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Breast cancer awareness photographs deemed ‘pornographic’ by Facebook

Breast cancer awareness has become a brand of its own through the use of ribbons, bracelets and basically anything pink.

The ability to market awareness and make it fashionable to be proactive and prevent breast cancer is phenomenal, however actual images of breasts have caused a stir in the social media world.

Facebook has recently come under fire after removing portraits of breast cancer survivors from the site because they were considered pornographic, according to The Huffington Post, a removal that is not new for the social media giant.

BBC News Online reported earlier this year that a woman was banned from Facebook after posting photos of herself after a double mastectomy.

In that case Facebook took action because, “(the photo) broke its rules on nudity.” However is the social media site being too cautious in deleting these photos?

The fine line between protecting users of Facebook and censorship is not difficult to cross. The site seems to jump on these cases of breast cancer survivors showing a breast, but foul language and violence don’t appear in the news nearly as often.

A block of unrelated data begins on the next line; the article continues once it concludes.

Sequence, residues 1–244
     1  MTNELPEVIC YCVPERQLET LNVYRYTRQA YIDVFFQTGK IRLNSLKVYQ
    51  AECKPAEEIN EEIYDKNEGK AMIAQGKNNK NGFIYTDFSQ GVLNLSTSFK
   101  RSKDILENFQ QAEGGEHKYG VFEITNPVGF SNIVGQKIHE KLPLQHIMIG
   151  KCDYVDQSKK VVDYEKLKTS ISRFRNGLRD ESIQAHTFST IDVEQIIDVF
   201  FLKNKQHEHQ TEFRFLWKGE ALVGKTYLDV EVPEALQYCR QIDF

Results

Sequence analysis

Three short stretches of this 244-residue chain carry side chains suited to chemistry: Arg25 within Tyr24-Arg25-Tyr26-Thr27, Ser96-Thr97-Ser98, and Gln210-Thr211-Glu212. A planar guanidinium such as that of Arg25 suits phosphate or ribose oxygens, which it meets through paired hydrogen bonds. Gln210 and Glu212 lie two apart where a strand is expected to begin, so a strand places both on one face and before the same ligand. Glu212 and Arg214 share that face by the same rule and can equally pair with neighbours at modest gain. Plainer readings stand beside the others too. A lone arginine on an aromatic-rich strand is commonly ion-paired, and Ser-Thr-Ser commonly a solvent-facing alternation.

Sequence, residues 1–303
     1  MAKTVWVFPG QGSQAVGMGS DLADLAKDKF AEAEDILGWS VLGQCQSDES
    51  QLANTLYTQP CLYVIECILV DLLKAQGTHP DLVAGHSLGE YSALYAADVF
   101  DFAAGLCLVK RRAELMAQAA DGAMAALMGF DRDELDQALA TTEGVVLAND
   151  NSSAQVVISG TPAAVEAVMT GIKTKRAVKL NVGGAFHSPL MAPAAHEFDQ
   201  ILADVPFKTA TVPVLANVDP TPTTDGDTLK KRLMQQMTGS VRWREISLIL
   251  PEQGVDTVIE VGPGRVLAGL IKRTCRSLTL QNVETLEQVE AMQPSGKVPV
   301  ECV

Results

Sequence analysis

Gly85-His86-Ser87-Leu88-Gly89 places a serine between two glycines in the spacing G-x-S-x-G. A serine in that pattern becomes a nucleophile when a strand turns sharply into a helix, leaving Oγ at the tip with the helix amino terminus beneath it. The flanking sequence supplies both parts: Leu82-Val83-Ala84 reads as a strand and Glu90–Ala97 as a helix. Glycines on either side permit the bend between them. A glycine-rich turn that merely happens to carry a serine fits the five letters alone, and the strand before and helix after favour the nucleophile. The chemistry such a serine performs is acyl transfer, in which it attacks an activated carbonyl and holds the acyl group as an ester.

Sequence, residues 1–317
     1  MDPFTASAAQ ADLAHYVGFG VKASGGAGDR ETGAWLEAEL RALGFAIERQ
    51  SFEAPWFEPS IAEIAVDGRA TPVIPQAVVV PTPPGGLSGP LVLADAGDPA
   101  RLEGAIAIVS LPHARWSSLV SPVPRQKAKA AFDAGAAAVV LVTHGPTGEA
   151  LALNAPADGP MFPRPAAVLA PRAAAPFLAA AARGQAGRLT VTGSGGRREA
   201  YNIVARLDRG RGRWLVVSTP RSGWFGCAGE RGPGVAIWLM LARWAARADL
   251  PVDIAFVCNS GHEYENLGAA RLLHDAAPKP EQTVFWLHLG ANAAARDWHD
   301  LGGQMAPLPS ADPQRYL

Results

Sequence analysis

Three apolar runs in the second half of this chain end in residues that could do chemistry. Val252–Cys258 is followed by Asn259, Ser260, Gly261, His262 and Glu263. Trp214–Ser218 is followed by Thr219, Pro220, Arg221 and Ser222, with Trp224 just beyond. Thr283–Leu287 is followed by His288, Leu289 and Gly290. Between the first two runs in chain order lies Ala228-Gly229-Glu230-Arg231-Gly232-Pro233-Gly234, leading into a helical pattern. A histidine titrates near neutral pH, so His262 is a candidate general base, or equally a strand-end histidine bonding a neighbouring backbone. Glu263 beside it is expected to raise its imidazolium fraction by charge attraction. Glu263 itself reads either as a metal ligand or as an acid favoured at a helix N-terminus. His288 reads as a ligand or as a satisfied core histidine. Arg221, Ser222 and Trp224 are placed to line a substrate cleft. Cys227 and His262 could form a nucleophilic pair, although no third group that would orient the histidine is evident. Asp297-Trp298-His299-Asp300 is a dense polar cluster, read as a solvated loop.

Facebook’s decision to remove post-mastectomy photos in the past was acknowledged as a “mistake,” according to The Daily Mail Online when in 2009 a woman posted photos of her scarred breast in hopes of spreading the word about cancer prevention.

This time, a spokesperson from Facebook came forward to admit that with millions of people on the site, it is possible mistakes can be made.

But were these really mistakes?

Obviously someone had to report these women’s photographs to Facebook by flagging them, deeming them inappropriate for users. Then an employee of the site would view the picture and make a decision to remove it or not.

Censorship of breast cancer awareness is a marker for the society we live in. It is typical for people to bully and use derogatory language online, but an image of an unclothed body part causes uproar.

I can’t even imagine what would happen if a man posted a photo encouraging early screening for testicular cancer.

Bringing attention to blatant censoring, even in social media, is difficult because of the idea that social media is so personal and unique to each individual. You can rant and rave about whatever you’d like but photographs speak volumes.

Unfortunately, there are people who do, in fact, post images online that are pornographic, but the painted bodies of breast cancer victims are intended for art and awareness.

The human body is so taboo in our culture that simple images of a breast can be considered vulgar.

Facebook and other social media sites should focus more on language people are using online to hurt each other, not images that are meant to inform and inspire.


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